Xi wanted to broker peace in the Middle East. He wasn’t counting on a new war

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It was mid-August and Wang Yi was feeling optimistic. The Chinese foreign minister had just had a phone call with Hossein Amir-Abdollahian, Iran’s foreign minister, where he told him he believed a “wave of reconciliation” was washing over the Middle East.

China had brokered a peace deal between decade-long rivals Iran and Saudi Arabia, Palestinian Authority President Mahmoud Abbas had finished a four-day state visit to Beijing, and in Israel, Prime Minister Benjamin Netanyahu had been gifted a copy of Chinese President Xi Jinping’s book.

China’s President Xi Jinping has met with the leaders of Syria, Iran and Kuwait in Beijing this year. Credit: Illustration: Aresna Villanueva

“We are friends closer than brothers,” Palestinian Fatah Central Committee official Abbas Zaki told Chinese state media. Netanyahu had told US officials he had begun planning a trip to Beijing this year.

Now as the Palestinian terrorist group Hamas fires barrages of rockets into Israel from the Gaza Strip, kidnaps and murders Israelis, and Israel declares war, no other country can claim to have stable relations with the two sides and with their influential neighbours Syria, Saudi Arabia and Iran.

Beijing has spent years building up goodwill in the region. COVID-19 provided the perfect platform to deliver millions of vaccines across the Middle East, including to Kuwait and the United Arab Emirates. Then the US withdrew from Afghanistan and shifted its attention to the Asia Pacific and Russia.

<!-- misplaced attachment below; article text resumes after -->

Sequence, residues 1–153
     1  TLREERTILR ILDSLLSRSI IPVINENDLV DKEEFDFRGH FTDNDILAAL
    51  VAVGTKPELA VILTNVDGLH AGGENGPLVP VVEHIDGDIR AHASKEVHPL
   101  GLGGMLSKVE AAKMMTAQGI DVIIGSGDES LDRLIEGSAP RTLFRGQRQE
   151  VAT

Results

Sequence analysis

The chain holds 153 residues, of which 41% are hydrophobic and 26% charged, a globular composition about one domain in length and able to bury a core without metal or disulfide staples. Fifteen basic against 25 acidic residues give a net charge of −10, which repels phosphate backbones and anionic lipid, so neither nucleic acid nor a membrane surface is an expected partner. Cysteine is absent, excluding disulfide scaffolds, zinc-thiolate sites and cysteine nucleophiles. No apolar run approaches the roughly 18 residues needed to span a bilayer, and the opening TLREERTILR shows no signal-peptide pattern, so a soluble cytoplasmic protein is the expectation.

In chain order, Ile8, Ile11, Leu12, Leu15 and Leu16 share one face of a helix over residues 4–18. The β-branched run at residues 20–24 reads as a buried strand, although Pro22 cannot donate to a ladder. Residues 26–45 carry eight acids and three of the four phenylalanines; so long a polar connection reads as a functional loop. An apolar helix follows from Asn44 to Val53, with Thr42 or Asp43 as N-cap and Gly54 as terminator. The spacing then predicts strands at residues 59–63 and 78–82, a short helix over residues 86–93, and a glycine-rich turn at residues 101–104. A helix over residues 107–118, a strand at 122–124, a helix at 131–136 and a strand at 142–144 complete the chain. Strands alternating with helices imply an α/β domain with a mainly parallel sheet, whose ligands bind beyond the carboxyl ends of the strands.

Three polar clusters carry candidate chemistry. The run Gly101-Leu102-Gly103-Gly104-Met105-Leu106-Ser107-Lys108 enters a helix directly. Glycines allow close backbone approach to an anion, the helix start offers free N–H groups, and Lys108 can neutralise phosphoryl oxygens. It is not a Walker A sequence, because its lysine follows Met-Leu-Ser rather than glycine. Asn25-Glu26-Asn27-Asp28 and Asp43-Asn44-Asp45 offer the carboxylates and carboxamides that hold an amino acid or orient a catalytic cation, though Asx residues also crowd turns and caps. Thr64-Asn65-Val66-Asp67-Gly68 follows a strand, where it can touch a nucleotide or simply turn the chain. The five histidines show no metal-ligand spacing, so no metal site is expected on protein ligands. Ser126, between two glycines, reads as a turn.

“Nature abhors a vacuum,” Dr Benjamin Ho from the S. Rajaratnam School of International Studies told Carnegie Global Dialogue Series. “The very fact that the United States was perceived to have left the Middle East allowed China to put its foot in.”

Chinese President Xi Jinping, left, is greeted by Saudi Crown Prince and Prime Minister Mohammed bin Salman, at Al Yamama Palace, in Riyadh, Saudi Arabia in December.Credit: Saudi Press Agency/AP

On the surface, Beijing has a significant diplomatic advantage. Its relations are founded on “non-interference”. Middle Eastern leaders can largely do what they want within their borders and Chinese investment will still flow.

“China comes in and says we will not impose our vision on anybody. People in the region like this approach to negotiations,” said Maha Yahya, the director of the Malcolm H. Kerr Carnegie Middle East Center. “No one is going to impose anything on us the way the Americans do.”

Syrian dictator Bashar al-Assad visited China in September. Sanctioned for atrocities against his own people by the West, Assad was given the red-carpet treatment in Beijing.

“China supports Syria in opposing external interference, opposing unilateral bullying, and safeguarding national independence,” Xi told the Syrian leader.

Syrian President Bashar al-Assad, right, and first lady Asma al-Assad receive a bouquet of flowers from a young girl as they arrive in Hangzhou, China, on September 21.Credit: Xinhua/AP